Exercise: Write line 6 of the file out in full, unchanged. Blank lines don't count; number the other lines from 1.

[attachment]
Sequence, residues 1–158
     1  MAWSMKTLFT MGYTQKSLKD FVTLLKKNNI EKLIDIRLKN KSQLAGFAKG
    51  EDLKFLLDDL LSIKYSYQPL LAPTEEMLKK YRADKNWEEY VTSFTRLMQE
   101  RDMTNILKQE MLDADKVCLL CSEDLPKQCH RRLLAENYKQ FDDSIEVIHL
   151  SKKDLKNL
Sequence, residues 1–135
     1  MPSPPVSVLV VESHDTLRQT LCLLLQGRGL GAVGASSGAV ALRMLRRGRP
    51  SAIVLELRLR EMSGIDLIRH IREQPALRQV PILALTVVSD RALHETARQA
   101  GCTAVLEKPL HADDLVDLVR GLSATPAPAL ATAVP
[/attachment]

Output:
Sequence, residues 1–135